1. Segar, who has a new book in the works called Get On Your Feet: Creating Meetings That Deliver Learning, Connection, Engagement, and Action, says his favorite way to get people introduced is a roundtable session, where all members of a group (of as many as 60) introduce themselves and answer three questions: “How did I get here?” “What do I want to have happen?” “What experience do I have that others might find useful?”

That might take too long for a two-hour cocktail party, but it’s probably worth the time at a multiday conference. (For larger groups, Segar does concurrent roundtables.) Maybe try a shorter version for a shorter party?

2. At its summits for retail executives, Fairchild Fashion Media (publisher of Women's Wear Daily) has projected GIFs of attendees with their company names and contact info around a venue to facilitate networking.

3. What if you had attendees make short videos introducing themselves and explaining what they’d like to get out of your event? They could do them cheaply and easily on Vine, or you could invite the folks at Overture to make their trademark short introduction videos. (They help you write a script and coach your delivery. Here’s mine.) You could post the videos on the event website, or play them at the entrance or behind the bars.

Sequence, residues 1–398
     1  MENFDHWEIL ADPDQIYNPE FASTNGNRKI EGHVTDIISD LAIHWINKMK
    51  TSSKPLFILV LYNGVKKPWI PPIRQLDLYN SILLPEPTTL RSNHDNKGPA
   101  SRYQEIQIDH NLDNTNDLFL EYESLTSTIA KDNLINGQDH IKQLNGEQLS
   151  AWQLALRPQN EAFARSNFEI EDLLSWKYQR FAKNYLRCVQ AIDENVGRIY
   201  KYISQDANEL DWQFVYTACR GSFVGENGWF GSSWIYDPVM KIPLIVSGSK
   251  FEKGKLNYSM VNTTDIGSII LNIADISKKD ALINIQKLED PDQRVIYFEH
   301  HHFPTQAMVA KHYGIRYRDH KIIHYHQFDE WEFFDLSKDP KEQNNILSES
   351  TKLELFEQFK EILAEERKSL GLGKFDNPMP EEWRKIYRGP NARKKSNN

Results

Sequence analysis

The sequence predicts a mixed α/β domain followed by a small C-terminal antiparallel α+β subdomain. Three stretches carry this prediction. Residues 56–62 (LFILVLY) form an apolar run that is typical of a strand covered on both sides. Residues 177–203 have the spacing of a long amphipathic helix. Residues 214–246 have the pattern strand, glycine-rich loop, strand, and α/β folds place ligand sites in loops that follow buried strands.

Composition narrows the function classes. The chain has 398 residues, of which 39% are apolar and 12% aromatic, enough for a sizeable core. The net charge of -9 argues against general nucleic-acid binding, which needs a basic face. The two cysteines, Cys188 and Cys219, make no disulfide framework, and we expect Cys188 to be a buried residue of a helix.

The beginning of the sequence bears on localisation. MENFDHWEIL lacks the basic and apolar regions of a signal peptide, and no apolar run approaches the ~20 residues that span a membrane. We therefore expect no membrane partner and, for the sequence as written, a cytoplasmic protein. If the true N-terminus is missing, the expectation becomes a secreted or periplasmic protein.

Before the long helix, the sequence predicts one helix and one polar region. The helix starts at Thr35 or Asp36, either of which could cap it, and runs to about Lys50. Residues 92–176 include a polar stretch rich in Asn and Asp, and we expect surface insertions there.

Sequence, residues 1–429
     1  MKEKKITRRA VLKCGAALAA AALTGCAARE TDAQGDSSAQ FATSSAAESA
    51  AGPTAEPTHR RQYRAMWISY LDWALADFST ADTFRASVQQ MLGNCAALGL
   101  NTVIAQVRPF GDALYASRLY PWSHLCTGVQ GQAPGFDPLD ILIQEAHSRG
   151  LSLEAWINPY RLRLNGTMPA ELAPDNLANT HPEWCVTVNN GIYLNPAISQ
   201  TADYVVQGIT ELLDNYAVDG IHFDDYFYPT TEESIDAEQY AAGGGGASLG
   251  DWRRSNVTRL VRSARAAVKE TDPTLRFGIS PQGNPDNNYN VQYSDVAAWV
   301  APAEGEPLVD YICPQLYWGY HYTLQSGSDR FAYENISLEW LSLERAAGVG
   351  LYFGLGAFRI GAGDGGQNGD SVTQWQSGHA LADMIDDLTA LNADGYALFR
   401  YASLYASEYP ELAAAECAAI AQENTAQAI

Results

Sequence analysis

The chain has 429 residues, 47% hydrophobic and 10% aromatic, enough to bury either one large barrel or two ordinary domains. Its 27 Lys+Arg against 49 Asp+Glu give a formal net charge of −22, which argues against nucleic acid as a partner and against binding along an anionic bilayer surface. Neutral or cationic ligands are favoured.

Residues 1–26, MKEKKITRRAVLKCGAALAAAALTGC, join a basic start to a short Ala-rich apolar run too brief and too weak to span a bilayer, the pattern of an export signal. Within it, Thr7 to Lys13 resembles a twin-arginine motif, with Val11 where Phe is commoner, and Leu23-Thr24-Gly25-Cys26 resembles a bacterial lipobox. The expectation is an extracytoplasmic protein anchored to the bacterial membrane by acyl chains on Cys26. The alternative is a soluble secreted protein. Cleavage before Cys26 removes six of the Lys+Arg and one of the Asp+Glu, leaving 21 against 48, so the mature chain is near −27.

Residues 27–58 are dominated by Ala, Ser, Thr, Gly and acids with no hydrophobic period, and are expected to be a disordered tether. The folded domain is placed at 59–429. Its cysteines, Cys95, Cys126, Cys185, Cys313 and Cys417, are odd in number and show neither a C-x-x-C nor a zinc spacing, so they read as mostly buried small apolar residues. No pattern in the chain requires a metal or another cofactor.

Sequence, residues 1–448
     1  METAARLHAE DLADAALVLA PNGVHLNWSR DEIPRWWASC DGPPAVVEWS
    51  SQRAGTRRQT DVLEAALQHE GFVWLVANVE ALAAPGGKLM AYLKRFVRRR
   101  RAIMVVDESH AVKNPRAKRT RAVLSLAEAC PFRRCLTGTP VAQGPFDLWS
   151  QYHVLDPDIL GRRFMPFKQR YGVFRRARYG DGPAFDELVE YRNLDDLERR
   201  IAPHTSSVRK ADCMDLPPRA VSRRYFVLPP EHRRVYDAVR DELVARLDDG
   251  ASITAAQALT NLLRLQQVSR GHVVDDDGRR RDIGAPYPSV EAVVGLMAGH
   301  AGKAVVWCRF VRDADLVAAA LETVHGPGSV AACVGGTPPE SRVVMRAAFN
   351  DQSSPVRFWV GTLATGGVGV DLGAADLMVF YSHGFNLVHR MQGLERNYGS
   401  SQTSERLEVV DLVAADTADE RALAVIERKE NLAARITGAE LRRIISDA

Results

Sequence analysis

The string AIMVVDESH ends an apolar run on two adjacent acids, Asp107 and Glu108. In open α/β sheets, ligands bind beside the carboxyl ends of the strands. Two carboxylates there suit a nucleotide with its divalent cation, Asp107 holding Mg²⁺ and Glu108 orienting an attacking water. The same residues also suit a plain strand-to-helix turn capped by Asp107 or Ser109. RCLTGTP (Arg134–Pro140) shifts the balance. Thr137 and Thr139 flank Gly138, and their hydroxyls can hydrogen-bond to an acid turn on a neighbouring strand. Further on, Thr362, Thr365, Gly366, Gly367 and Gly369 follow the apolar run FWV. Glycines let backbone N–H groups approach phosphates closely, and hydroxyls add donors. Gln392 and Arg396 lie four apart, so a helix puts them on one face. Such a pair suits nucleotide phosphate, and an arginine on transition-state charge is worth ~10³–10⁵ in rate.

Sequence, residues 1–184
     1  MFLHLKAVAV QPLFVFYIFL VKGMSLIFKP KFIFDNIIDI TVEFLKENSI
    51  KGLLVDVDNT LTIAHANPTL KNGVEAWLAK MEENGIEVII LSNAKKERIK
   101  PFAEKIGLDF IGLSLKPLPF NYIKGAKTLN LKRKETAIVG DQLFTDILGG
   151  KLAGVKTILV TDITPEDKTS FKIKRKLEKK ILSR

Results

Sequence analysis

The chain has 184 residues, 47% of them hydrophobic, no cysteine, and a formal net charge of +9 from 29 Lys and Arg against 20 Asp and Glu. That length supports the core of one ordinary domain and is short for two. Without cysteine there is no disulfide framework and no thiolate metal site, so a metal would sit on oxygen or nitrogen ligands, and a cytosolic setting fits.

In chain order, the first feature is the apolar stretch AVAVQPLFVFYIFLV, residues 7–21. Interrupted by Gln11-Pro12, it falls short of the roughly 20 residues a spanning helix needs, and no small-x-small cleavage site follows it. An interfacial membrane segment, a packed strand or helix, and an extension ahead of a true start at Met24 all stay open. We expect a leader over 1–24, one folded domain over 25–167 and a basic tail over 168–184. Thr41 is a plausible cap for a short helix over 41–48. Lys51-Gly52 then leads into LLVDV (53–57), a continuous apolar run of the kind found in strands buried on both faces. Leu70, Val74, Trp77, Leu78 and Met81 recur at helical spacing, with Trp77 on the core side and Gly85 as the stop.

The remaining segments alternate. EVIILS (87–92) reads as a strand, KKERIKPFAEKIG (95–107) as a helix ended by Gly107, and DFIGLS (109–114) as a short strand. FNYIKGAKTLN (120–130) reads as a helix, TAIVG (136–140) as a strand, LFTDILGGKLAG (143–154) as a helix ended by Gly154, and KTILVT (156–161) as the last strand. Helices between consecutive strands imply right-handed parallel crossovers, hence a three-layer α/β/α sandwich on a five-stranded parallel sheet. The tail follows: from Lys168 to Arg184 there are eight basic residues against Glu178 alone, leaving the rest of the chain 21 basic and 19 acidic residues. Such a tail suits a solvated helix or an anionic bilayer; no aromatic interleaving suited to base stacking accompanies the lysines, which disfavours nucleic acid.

4. The various TED and TEDx conferences have experimented with different kinds of badges, replacing attendees’ names and companies with their personal goals and interests. Badges come with starter phrases like “I’m chasing…”, “Talk to me about…”, or “All we need is…”

5. At an event I hosted in May, I put out name tags with red and blue Sharpies, and asked people to write a favorite brand in red and a favorite artist or performer in blue. Then I asked people to imagine what kind of collaborations their brands and artists might create, or what their favorites might do with another person’s. The point: Encourage conversation around business and creativity, not just your job title.

6. Many of the new technology trends changing live events have applications that can help facilitate introductions and interactions. When signing up for some events, attendees can link their registration information to their social media profiles, and event hosts can help attendees use this information to find each other and set up meetings before the event, or ask to be seated next to each other.

Advanced event apps can also help people share their interests and contact information. And wearables and location-based tools like beacons and R.F.I.D. or N.F.C. technology can alert attendees who have expressed similar interests when they’re near each other. (You can read more about all of these trends in this trend report, “The Next Tech Trends for Live Events & Experiences.”)

7. This one is low-tech, old-fashioned, and oft-forgotten. It’s not scaleable for large events, but it’s the spirit I challenge you to incorporate into a post-name tag world. It’s basic etiquette.

From the “Making Introductions” page on EmilyPost.com: “Try to find some topic the two people have in common: ‘Sam, I think you and Jake share a passion for Italian wine. Jake might enjoy hearing about your wine tour in northern Italy.’”

Classy, right?